“(The diversity requirement) is the UC’s attempt to increase the liberal arts education for students here so that they’re taking courses that they probably would not have selected on their own,” Welty Tamai said.
Surely, getting students outside of their comfort zone is great. But for students with demanding major requirements, the lacking integration of diversity courses can be an issue.
And that can leave students unappreciative of courses that could genuinely benefit them.
Information about diversity and cultural empathy is missing from an early stage in the education system. Welty Tamai said Asian American students might not even be aware of their own histories, as the K-12 education system in the U.S. lacks a diversity curriculum.
That’s precisely why UCLA needs to prioritize better integration of these course requirements. Given that students’ prior education often leaves them with one-sided views of history and culture, these classes offer opportunities to broaden their understanding.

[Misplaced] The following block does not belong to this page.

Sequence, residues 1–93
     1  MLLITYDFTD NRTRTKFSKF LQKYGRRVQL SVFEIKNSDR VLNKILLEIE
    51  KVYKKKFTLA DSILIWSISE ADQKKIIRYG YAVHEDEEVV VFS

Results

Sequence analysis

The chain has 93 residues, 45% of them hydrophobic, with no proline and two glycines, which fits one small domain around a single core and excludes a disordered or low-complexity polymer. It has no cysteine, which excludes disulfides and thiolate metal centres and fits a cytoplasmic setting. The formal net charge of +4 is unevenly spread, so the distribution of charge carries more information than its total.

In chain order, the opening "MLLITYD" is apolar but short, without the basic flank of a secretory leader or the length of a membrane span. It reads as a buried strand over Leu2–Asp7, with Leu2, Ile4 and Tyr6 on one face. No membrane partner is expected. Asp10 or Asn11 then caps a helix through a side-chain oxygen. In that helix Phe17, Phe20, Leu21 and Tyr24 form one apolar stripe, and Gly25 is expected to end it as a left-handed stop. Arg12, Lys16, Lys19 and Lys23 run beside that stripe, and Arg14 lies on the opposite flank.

“You can’t expect everyone in your field to be of the same race,” said Pavan Jonnalagadda, a third-year aerospace engineering student. “If you want to establish better rapport with (people), you may want to relate to them, so having a diversity course may help you do that.”
With diversity topics marginalized in traditional education curricula, these courses can better inform students of what they may face in the real world.
This includes putting names to experiences such as microaggressions, said Welty Tamai.
According to the American Psychological Association, microaggressions have been defined by researchers as subtle insults that are not intentionally harmful or racist, but affect cultural minorities with higher frequency. In workplaces, microaggressions occur often – even if inadvertently. And while diversity courses can’t fix systemic racism, they can bring awareness to biases and behaviors people didn’t realize they had.